6 7

http://www.nbc6.net/print/1419822/detail.html http://startsimple.com/mobilecloak/index.html

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One of the most obvious points at which to fool the system is during the collection phase. It is the equivalent of dropping the dime in the basket of mechanical toll systems or handing the cash over to that smiling and friendly tlo t o eao.F on tess m ie s.G t ga a wt is ’ T e ob oh p rtr o lg h yt s a y et w y i t n . h l i e i n h i t easiest way to fool it is simply to drive through the electronic collection lane without a transponder. This will be immediately recognized by the system, however most of the toll plazas have no mechanism for stopping the offender, in fact they want traffic to keep flowing and state specifically that should the red light indicate non-toll collection, the driver should keep going to avoid delays and/or accidents. The system operators would like you 06E4 them and Key fingerprint = AF19 FA27 2F94 998D FDB5 DE3D F8B5to call A169 4E46provide payment for the missed tolls. They can try to get your vehicle information from the appropriate Department of Motor Vehicles and then either send you a bill on their own or forward the information of the non-payment to law-enforcement for prosecution. However, since the payback is so small and the costs to recover so large, the authorities seem to tolerate some slippage in the system, especially given that the system is not 100% accurate. Just remember that the modern toll plaza does have those wonderful cameras taking pictures of the license plates and, in some cases, of the drivers.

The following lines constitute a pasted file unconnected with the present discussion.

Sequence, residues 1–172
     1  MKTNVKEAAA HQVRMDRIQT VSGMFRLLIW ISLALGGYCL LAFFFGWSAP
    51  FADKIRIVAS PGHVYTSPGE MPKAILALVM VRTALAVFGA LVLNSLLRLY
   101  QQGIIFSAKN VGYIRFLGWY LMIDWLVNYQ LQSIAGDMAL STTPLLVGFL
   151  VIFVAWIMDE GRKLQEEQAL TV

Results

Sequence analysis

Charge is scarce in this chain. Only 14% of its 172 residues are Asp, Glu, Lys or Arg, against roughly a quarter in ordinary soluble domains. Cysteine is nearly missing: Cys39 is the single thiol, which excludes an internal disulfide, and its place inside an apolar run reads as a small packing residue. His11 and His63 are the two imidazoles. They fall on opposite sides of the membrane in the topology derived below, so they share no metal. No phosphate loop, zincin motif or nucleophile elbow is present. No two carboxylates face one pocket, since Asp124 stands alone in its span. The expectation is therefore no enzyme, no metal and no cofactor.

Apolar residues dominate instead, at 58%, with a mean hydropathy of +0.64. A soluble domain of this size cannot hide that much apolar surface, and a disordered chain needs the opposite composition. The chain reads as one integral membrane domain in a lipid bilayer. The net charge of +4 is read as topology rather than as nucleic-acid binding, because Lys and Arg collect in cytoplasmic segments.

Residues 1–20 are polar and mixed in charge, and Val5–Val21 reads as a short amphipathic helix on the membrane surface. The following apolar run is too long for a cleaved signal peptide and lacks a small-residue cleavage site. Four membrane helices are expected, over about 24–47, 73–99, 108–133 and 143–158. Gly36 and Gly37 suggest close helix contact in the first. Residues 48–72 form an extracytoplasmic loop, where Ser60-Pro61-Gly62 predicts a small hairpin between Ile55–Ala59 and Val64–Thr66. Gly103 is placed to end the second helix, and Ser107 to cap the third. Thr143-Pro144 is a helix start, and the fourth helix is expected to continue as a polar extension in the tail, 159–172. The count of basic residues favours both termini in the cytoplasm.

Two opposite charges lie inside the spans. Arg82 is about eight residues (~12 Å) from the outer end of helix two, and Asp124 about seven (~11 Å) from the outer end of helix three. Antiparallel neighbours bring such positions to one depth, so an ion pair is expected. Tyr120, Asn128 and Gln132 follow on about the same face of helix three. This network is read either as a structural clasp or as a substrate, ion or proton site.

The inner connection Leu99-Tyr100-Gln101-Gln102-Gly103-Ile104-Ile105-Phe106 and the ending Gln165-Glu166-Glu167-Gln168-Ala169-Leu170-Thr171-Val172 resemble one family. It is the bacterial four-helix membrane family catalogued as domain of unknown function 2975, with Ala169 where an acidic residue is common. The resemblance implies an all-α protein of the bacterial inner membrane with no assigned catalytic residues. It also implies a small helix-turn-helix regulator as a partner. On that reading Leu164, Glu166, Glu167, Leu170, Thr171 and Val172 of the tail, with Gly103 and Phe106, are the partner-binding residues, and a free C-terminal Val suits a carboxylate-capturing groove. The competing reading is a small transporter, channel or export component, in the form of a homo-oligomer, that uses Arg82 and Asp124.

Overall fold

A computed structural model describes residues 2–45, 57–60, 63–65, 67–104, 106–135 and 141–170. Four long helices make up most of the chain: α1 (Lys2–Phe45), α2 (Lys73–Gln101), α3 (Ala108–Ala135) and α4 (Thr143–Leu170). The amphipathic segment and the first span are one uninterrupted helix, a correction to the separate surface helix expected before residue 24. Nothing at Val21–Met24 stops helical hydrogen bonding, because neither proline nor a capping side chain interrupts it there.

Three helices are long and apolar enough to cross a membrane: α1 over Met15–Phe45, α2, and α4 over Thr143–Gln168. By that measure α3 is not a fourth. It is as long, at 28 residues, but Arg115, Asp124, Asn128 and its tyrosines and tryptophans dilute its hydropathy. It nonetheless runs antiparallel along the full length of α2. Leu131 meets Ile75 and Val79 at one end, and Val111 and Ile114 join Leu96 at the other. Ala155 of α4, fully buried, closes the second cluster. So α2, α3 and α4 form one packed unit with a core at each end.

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Eavesdropping

Collection

With all of those cars in the parking lot with their tags so prominently displayed in the window it is tempting to consider borrowing one of them to provide legitimate identification. The truly devious would steal two tags, putting the first in the place o tes c n s tea t o n r o s ’ e ot s l tg te u i te fh e o d o h uo w e d e n rp ra t e a ,h n s g h t on n second one. Switching tags every few days would leave a confusing trail for law enforcement to unravel. On the down side once again are the cameras and other components of the AVI and VE systems designed to identify such tag uses, even after the fact. On the up side, by switching tags, the AVI system will also tag those innocents as wrongdoers and provide for plausible deniability. This technique suffers from the repeated breaking into automobiles to switch tokens, each even increasing the risk of being caught and with much greater
8

http://homepage.ntlworld.com/matthew.rowe/micros/virbook/manchest.htm

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Key fingerprint = AF19 FA27 2F94 998D FDB5 DE3D F8B5 06E4 A169 4E46 Once the signals have been collected and processed, there is still the difficulty of replaying the signals or creating a new RFID token with the stolen information (see Build Your Own Token below). Analysis of the signal itself is beyond the scope of this introductions but could provide an interesting follow-up research topic.